I am so sick and tired of people and their popular shit to be upset about on the Internet.
As many of you know, Halloween was just a couple of days ago. I, personally, had a great Halloween. As in, I didn’t do shit. My kids dressed up in their annual themed costumes the week prior for a Halloween party at the tennis club (see below), and didn’t even decide to go trick or treating until pretty much the day prior.
But my older kids are old enough to just go out with friends on their own, and the baby was way too young…I mean he probably would have had fun looking at all the kids out and about (he loves kids), but the last thing I wanted to do was run the risk of hearing some local asshole tell me “he’s too young for candy, it’s obviously for you.”
So I stayed home with the baby. We had not one trick or treater.
Sure enough though, the very next day I logged on to the good ol’ Facebook and every asshole was bitching and complaining about people jumping straight over Thanksgiving to Christmas.
I present to you just a few examples of the oh-so-clever memes I saw that morning:
First thing, I get it. I. Get. It. A lot of people feel overwhelmed with Christmas, what with all the merry and joy and shit going around. I also understand completely that here in America, we love our Thanksgiving.
But there are a few things to consider.
The Thanksgiving celebrated at the end of November is an American holiday.
Which means that if people over in France or Great Britain or Uganda or China or Iceland or – I don’t know – any country or province other than fucking America wants to start getting all jazzed and shit about the holiday season, why must we begrudge them?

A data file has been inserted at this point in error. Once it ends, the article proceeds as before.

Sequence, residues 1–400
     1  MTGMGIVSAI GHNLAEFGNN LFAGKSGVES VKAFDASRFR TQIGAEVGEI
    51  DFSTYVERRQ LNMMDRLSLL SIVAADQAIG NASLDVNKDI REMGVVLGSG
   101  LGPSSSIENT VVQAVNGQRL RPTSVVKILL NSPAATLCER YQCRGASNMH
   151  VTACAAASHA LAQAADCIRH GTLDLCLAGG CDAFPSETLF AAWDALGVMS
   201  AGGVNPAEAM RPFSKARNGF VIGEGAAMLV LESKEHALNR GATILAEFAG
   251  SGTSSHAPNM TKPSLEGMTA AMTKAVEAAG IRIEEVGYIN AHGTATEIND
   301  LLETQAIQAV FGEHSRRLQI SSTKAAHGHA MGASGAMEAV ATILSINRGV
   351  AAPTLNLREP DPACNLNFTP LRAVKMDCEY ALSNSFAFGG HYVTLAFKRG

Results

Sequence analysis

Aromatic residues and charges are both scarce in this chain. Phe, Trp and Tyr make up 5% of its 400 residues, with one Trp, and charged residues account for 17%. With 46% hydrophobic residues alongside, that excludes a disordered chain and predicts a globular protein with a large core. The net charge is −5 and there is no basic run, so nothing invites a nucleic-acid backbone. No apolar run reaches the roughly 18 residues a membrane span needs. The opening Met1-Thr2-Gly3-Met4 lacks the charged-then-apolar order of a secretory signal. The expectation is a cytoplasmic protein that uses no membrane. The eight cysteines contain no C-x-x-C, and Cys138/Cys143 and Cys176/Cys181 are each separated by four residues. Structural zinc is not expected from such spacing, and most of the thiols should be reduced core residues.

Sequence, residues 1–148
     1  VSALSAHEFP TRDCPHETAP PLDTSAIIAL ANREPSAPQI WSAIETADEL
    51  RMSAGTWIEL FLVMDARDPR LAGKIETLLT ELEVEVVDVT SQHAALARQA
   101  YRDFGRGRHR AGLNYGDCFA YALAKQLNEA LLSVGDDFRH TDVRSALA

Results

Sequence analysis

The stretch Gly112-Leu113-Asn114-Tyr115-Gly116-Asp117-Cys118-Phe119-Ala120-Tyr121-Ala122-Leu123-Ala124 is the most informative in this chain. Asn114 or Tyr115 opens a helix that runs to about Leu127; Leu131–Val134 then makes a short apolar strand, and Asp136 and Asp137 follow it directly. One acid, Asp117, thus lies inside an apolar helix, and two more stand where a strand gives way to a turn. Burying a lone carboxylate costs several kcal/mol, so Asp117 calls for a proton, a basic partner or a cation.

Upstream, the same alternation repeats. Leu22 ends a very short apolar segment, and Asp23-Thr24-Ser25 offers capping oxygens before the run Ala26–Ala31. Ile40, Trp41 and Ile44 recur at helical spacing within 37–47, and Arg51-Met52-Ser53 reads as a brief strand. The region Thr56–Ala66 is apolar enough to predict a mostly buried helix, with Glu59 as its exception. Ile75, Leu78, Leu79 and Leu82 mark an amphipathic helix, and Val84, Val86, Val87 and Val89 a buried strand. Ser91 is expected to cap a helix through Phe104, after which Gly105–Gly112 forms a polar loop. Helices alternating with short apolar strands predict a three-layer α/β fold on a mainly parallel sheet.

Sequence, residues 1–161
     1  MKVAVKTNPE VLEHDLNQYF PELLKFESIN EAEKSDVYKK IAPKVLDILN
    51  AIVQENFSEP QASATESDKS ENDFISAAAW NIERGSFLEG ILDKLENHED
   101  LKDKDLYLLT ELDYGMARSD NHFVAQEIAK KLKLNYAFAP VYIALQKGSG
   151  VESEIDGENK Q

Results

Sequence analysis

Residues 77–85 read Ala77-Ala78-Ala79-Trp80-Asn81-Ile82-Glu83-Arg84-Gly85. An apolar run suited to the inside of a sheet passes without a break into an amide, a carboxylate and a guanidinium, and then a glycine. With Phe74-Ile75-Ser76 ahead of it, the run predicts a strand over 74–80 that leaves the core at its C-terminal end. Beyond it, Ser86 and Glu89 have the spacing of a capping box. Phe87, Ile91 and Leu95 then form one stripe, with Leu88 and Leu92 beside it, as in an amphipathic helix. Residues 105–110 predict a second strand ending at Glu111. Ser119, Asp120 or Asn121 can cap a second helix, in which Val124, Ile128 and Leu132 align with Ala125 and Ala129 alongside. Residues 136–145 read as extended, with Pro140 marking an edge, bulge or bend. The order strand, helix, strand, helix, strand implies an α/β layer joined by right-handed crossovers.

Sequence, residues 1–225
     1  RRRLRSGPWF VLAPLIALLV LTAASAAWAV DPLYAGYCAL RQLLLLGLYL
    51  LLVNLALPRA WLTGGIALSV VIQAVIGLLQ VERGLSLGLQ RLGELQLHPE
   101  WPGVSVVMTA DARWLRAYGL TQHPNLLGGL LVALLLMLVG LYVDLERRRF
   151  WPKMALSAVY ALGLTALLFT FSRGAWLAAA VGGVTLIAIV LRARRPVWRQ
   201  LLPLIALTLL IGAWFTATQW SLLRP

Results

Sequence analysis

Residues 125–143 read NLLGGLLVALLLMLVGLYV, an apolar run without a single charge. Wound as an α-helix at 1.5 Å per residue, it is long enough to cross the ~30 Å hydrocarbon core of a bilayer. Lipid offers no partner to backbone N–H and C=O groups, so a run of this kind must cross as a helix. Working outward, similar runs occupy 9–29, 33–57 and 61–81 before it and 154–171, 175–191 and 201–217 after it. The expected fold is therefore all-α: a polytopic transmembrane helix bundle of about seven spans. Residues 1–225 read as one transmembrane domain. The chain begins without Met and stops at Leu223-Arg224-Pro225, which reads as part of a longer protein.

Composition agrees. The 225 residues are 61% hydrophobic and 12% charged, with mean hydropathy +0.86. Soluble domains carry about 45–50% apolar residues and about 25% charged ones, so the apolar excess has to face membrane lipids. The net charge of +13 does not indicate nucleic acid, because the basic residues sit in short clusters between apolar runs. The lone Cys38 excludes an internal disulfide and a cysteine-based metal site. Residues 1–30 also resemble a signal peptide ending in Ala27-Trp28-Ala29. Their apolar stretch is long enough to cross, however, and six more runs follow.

The thing about the Internet is that it’s not an American-only thing, which means the constant griping and bitching about people skipping American Thanksgiving and heading on to Christmas on the Internet is seen by everyone, universally. Why should they have to listen to that shit? Why, I ask?
Especially when you are a parent, it is so hard to cram everything in.
There are the holiday events, the school plays (we homeschool, so thankfully don’t have those), the holiday shopping…oh wait, more holiday shopping, the outdoor lights, the indoor decorations, the Christmas parties with friends, Christmas parties for work, Christmas parties with family, nightly Elf on the Shelf nonsense, the cookie baking, the candy making…not to mention every day life and the onset of cold and flu season.
Life is fucking busy enough as is. Then you add the pressure and stress of getting all that other crap done for the holidays, it seems only reasonable that it would – or potentially could – be more enjoyable and much less stressful if we were given more than a few fucking weeks to get it all done.
There are people celebrating Christmas in the middle of June because they’ve been given one week to live and wanted nothing more than one more Christmas with their family.
That’s an extreme one, but can any of you get out of your own piddly lives for -like- one minute and consider that other people have different lives, and therefore different reasons for doing things?
Including getting geared up for Christmas early.
For us, our house has been a little glum lately. My husband’s grandfather – the kids’ great grandfather – died about a month ago, his funeral was just last weekend. It’s gloomy in our house. Beyond that, the busy season is in full gear at Nick’s job, meaning he’s gone or asleep for almost 18-20 hour periods, every day and night of the week.
We need some fucking cheering up around here, which was why I decided to let the kids pull out the Christmas stuff the day after Halloween, and why I cranked up the Christmas jams playlist on Spotify today while we worked on crafts for the baby’s birthday party.
And plus, my kid fucking enjoy Christmas. It’s OK for me to extend that a few weeks before Thanksgiving. Like really, their extra merriment is not a detriment to society. I promise.